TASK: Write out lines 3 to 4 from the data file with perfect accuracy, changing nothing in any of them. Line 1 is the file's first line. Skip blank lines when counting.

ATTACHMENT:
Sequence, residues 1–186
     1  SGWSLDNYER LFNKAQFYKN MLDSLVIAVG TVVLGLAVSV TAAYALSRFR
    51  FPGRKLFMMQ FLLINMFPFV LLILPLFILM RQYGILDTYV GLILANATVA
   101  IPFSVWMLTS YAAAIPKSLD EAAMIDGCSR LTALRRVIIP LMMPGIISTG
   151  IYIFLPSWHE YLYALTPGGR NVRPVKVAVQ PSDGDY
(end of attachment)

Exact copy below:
    51  FPGRKLFMMQ FLLINMFPFV LLILPLFILM RQYGILDTYV GLILANATVA
   101  IPFSVWMLTS YAAAIPKSLD EAAMIDGCSR LTALRRVIIP LMMPGIISTG